Rockets miss big opportunity in Miami

Toledo may have shown more in defeat than in their first 3 wins

  • Toledo-Miami-Football-6

    Miami head coach Mark Richt, right, and Toledo head coach Jason Candle shake hands after the Hurricanes beat the Rockets 52-30.


  • MIAMI GARDENS, Fla. — As long as the effort is honest, here is the abiding truth: There is no shame in a collection of college kids losing a football game.

    You just hope you give yourself a chance.

    If ever a three-touchdown loss to a blue-blood program felt like a mislaid opportunity, the University of Toledo’s 52-30 loss to No. 14 Miami on Saturday at Hard Rock Stadium was it.

    Think back to midway through the third quarter.

    The Rockets were ahead 16-10, consistently moving the ball against one of the fastest and most feared defenses in the land, and driving again.

    All through the house, the natives were stirring, the corner section of Toledo fans roaring. The Rockets have regularly beaten power conference teams this millennium — Penn State, Michigan, Arkansas, Minnesota, Purdue, Iowa State, Colorado, Pittsburgh, Kansas — that another one almost felt expected.

    And then ...

    The bottom fell out of the bottom.

    Before you could take another labored breath in this real-life humidor, ballgame.

    In a whiplashed 10-minute span, the Hurricanes scored 28 points, and the visitors were left to wonder what could have been — if only they had put a better, sharper cleat forward.

    Everything the Rockets could not afford to beat a more talented team? It all happened.

    Another wave of mindless penalties. Countless dropped passes. A fateful late turnover. The list went on.

    Some of it was unacceptable. Some of it was football. (An overthrown touchdown pass here, an open receiver slipping there.) And some of it was bad luck. (Toledo was denied points after officials failed to review what appeared an early Cody Thompson touchdown.)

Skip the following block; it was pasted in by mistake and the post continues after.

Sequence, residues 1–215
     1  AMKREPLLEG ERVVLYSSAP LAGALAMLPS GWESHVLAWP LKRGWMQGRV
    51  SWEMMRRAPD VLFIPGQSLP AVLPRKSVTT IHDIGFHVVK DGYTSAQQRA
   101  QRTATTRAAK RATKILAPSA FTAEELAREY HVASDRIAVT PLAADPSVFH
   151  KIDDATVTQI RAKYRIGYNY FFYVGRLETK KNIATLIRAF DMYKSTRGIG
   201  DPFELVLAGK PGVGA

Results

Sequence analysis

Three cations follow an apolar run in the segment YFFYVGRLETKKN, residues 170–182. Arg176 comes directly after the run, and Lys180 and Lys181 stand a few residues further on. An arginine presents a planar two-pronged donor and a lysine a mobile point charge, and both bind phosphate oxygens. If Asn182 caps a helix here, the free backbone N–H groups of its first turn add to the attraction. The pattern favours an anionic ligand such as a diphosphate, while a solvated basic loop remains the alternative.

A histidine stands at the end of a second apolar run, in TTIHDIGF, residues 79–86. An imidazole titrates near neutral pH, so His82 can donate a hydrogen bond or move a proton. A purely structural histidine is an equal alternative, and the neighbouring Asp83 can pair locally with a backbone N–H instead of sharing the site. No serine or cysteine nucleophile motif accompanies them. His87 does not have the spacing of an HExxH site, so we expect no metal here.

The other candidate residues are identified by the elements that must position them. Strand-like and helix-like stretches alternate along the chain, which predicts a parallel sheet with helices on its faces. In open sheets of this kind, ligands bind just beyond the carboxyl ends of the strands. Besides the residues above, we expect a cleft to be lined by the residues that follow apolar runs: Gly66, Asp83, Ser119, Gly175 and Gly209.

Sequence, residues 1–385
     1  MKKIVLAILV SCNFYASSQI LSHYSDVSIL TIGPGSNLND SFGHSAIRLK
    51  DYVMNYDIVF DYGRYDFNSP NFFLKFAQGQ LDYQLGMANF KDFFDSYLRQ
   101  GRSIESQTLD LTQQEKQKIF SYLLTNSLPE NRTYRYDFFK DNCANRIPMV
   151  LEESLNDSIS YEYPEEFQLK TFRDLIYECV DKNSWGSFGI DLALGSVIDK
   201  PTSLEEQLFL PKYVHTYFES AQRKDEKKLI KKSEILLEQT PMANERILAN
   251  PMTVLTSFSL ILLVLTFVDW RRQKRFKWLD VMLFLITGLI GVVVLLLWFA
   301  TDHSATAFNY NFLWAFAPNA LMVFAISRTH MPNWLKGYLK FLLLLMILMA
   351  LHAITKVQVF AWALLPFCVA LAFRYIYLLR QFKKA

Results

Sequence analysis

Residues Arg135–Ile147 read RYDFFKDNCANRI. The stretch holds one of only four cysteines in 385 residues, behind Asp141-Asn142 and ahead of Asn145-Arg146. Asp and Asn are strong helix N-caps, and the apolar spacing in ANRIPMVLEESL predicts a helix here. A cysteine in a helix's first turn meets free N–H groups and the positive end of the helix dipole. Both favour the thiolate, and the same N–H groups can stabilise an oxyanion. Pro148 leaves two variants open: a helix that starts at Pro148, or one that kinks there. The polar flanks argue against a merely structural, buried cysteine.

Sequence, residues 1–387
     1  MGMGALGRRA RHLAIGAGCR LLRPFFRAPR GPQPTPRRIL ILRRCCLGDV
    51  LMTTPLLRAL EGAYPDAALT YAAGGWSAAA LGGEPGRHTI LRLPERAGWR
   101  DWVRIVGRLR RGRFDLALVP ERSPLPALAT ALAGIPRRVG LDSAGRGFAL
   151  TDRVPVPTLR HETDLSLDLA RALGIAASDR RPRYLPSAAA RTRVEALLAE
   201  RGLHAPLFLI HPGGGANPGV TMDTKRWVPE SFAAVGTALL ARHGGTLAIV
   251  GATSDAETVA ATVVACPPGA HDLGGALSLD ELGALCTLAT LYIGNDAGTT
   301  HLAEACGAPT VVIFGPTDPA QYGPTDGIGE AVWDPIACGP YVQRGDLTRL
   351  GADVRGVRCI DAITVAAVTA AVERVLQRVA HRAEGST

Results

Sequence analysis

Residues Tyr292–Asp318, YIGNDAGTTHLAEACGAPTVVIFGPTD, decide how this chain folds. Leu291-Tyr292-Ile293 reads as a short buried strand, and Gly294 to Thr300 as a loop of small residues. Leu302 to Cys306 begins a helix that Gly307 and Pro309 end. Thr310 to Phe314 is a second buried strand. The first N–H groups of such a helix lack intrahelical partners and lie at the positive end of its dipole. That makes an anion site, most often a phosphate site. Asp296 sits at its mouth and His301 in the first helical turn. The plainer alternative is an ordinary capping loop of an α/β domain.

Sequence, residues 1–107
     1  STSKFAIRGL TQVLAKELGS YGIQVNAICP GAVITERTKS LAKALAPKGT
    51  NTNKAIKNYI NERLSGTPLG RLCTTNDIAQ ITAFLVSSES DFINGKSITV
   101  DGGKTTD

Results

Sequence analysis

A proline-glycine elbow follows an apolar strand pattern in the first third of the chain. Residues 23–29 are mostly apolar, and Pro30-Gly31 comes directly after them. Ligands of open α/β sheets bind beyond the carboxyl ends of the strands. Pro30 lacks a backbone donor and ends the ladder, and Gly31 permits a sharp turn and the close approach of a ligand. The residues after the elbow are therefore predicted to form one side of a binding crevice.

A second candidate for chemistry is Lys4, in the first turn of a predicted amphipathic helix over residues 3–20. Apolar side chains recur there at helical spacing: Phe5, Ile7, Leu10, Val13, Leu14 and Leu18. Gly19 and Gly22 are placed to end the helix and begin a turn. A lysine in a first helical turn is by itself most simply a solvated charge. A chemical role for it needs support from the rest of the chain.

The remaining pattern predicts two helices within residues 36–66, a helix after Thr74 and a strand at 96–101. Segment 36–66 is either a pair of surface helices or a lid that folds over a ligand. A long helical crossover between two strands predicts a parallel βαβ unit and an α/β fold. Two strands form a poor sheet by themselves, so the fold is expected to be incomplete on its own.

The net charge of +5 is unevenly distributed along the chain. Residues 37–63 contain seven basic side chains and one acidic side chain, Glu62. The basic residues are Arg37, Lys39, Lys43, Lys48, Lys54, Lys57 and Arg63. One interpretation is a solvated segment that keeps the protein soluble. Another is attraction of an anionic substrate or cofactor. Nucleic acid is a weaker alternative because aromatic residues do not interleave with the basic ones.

But it all conspired to leave Toledo feeling it left something big on the table.

    “Definitely a missed opportunity,” linebacker Ja’Wuan Woodley said.

    Now, this is not to bury Toledo.

    To label the day a missed opportunity is to reinforce our belief in this Rockets team. If their dreams of crashing a major bowl game are done, nothing changes about the program’s foremost goal. Toledo remains the favorite to capture the Mid-American Conference title, with Saturday only reinforcing that.

    In many ways, the Rockets — at least offensively — showed more in defeat than in their first three victories.

    For the better part of three quarters, they were in control against a top-15 program that brings in top-15 annual recruiting classes and surely has 15 backups who could be stars at the Glass Bowl.

    The Rockets’ passing game was so prolific early that Miami-based ESPN personality Dan Le Batard tweeted Toledo quarterback Logan Woodside “is better than anyone Miami has had at the position in 15 years.”

    And their comeback? Impressive. A stunned Toledo team that could have started gassing up the charter plane when it fell behind 38-16 instead pulled back within a score with 7:37 remaining.

    “The fight in our football team,” coach Jason Candle said, “I don't know if the score indicated how well they did in that area.”

    And yet, man, we still wonder wonder what could have been.

    What might have been if, a week after showing less discipline than Homer Simpson at an all-you-can-eat buffet (15 penalties), the Rockets — the nation’s most penalized team — had not been called for four false starts and two delay of games among their eight first-half flags? If the Rockets had not left so many points in a first half it dominated — 296 yards to 190 — but only featured a touchdown and three field goals? If they made just one more big play at a decisive moment in the second half?

    Their first drive after intermission told the story.

    After stopping Miami, the Rockets were ahead by six and driving in Hurricanes territory, looking to drain any remaining life from the stadium. Next thing you knew, an open receiver slipped on second down, Toledo was stuffed on 3rd-and-3 and, just like that, the race was on.

    It didn’t feel crazy to suggest one momentum-turning play might have made all the difference.

    “I don't think it's crazy to say,” Candle said. “I think there are four or five plays in every football game that both sides would love to have back. That’s why we play the greatest game there is because there are momentum swings, there’s adversity, and you’ve got to keep fighting. You’ve got to keep swinging.”

    The Rockets kept swinging, all right. You just would have liked to see them give Goliath their best punch.

    Contact David Briggs at dbriggs@theblade.com419-724-6084, or on Twitter @DBriggsBlade.